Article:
By Margaret Talev, Bloomberg News (TNS)
WASHINGTON — More than six months after his eldest son, Beau, died of brain cancer and six weeks after effectively ending his political career, Vice President Joe Biden is mostly at peace.
Atop his desk aboard Air Force Two as he returns from a trip to the Ukraine is a red folder with the word “cancer” scribbled across the tab, filled with notes and names. On his left wrist, a bracelet made of dark beads and a cross. It’s the rosary Beau fingered until he died in May.
He misses his “exceptional son” terribly and, while he admits to a certain wistfulness for the campaign trail, he has come to terms with his decision not to follow through on Beau’s wish that he make a third run for the presidency.
“My decision, I know, was the right decision,” Biden says of his October announcement that he would not be challenging Democratic front-runner Hillary Clinton and her rivals, Sen. Bernie Sanders of Vermont and former Maryland Gov. Martin O’Malley of Maryland, for the nomination.
“I believed I could win, but that’s not enough. I know myself. And I know it takes time,” says Biden of the process of finding his way back to life. “You’ve got to get through the first Thanksgiving — the first empty chair; the first Christmas, the first smell of spring.”
In the course of a 40-minute interview, the vice president comes across as much more emotionally settled than over the summer and fall when he was mulling a presidential run. Yet he is still clearly vulnerable, a man trying to make the transition from grieving what’s gone to treasuring what’s left — his wife, Jill; his surviving adult children Hunter and Ashley, five grandchildren and the next chapter in his professional life.
“Beau was my soul. Beau was an exceptional son,” Biden says. “When I lost Beau, I lost the most honest, insightful, knowledgeable political adviser I had. He managed me well, for real.”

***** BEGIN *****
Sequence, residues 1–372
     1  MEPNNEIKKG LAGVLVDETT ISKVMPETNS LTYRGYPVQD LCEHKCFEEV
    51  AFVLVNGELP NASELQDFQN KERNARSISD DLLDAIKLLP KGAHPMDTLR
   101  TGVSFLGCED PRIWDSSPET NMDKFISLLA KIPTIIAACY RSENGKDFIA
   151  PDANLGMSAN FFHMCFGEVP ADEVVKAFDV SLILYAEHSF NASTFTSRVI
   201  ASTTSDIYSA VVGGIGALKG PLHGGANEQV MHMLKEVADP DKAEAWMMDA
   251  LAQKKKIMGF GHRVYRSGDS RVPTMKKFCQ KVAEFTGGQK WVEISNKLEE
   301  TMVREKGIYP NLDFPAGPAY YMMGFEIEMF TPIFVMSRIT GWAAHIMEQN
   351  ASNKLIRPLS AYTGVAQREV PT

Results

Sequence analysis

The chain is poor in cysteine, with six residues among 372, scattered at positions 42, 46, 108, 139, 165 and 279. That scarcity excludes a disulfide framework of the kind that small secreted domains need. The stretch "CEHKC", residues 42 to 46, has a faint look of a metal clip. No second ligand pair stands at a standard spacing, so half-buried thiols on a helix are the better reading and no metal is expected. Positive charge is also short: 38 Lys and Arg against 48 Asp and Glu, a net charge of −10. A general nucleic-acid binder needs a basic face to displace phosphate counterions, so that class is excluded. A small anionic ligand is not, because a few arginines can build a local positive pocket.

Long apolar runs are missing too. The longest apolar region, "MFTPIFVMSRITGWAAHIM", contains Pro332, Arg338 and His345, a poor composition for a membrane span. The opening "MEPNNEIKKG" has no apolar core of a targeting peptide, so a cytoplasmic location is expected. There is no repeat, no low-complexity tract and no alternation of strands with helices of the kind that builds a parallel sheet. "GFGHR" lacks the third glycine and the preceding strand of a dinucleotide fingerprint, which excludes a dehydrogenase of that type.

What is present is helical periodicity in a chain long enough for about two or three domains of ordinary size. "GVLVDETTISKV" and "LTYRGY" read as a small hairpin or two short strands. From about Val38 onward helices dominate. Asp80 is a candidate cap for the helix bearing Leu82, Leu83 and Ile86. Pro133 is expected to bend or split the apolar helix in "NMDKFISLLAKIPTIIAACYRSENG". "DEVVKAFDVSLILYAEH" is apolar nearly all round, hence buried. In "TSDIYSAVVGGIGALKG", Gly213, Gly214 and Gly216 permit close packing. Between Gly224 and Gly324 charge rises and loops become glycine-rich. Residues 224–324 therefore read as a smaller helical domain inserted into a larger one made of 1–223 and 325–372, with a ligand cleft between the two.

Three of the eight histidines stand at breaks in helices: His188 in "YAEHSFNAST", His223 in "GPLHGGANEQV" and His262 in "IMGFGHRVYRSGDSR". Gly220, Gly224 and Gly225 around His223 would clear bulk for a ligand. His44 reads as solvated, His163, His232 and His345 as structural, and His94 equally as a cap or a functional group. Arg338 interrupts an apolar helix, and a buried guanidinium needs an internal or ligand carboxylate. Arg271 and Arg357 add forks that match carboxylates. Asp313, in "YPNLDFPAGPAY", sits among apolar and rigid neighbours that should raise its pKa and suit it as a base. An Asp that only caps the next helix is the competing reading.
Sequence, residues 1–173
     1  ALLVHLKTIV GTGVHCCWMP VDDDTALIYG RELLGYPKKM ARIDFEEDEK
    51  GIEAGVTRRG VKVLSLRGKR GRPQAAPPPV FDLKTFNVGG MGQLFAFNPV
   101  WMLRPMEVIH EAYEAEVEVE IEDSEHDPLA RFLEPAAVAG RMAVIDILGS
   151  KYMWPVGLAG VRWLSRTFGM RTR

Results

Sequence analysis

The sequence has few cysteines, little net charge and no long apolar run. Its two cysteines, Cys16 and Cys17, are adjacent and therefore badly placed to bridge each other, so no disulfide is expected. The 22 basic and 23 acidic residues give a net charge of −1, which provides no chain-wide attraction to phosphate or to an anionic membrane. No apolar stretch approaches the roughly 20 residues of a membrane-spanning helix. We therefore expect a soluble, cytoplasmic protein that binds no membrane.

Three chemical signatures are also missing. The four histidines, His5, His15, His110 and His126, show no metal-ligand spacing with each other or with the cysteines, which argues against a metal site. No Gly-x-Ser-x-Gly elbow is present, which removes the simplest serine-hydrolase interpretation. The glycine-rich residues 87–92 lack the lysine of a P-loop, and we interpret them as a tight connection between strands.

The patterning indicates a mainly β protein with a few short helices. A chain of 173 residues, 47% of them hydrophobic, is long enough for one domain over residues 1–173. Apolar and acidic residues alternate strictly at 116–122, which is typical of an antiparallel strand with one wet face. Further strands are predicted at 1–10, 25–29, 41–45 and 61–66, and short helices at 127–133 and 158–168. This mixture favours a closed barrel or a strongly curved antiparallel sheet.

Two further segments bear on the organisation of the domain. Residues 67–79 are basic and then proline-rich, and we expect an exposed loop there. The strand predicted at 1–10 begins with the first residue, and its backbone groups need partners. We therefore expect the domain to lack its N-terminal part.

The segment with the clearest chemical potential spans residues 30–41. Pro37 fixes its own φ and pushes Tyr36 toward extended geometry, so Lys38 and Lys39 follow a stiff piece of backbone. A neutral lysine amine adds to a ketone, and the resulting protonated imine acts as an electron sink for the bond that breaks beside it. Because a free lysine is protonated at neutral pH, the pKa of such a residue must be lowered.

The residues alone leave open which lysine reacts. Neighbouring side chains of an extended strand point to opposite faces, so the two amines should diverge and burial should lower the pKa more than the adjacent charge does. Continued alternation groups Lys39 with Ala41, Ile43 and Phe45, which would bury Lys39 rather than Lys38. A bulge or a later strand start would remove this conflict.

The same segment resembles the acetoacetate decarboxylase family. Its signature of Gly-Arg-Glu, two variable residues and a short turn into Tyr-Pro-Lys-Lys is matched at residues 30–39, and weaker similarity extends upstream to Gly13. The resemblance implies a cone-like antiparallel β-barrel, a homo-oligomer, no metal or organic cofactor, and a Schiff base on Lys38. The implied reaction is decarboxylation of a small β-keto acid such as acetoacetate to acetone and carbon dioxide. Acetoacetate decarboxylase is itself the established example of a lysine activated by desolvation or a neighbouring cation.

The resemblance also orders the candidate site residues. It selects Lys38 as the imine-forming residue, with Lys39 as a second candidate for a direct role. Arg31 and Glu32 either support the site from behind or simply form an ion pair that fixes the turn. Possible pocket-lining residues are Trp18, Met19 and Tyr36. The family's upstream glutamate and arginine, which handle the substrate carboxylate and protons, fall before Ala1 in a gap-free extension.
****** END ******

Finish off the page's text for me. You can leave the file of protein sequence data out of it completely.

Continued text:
Biden says he wants to honor Beau by spending much of his last year in office and his post-political life making cancer research and treatment a bigger national priority. Right now, he’s trying to learn the science, the finance, the politics and complexities of a disease that is dreaded and yet ubiquitous. He hopes it will soon be treatable with an arsenal of new discoveries. He meets with cancer experts. He attends conferences. He carries his red folder with him to Ukraine and back.
“What I’m doing now, I’m meeting with every center of power within the cancer world. I’m meeting with billionaires who have set up foundations. I’m meeting with everyone from the Mayo Clinic to one of the largest outfits that took care of Beau,” he said, as well as “all the researchers.”
He is not yet quite sure the direction it will take him, but he’s following a lesson he learned early in his Washington career, when he swaggered onto the Senate floor for an energy debate, armed with a series of talking points. He encountered Sen. Russell Long, son of the legendary Louisiana “kingfish,” Gov. Huey Long. Russell Long had been in the Senate a quarter-century when Biden was elected. He didn’t need talking points to debate energy.
As he describes his humiliation at the hands of the wily Louisianian over the technicalities of oil drilling, Biden jumps from his chair and imitates the late senator’s pigeon-like posture and his thick accent, saying “earl” for oil. For Biden, whose career was bookended by personal tragedies, the Senate has been his energy source, the bipartisan family that sustained him after his first wife and infant daughter were killed in an automobile crash shortly after his election in 1972. As he reminisces about those days, his joie de vivre returns.
Biden doesn’t share the widespread cynicism about politics. Calling Donald Trump’s politics a “dangerous brew,” he expresses confidence that Americans will reject it. “Even though it appeals to some people who are really frightened and scared, even though it appeals to some prejudice and fears, I don’t think it’s sustainable.”
He admits he hasn’t let the 2016 election go, sometimes measuring the candidates’ actions and statements against what he would have done. “I’ve always thought in those terms, from the time I was a 29-year-old senator,” he says. “How would I have done it differently?”
©2015 Bloomberg News. Distributed by Tribune Content Agency, LLC.
Photo: U.S. Vice President Joe Biden in Washington October 21, 2015. REUTERS/Carlos Barria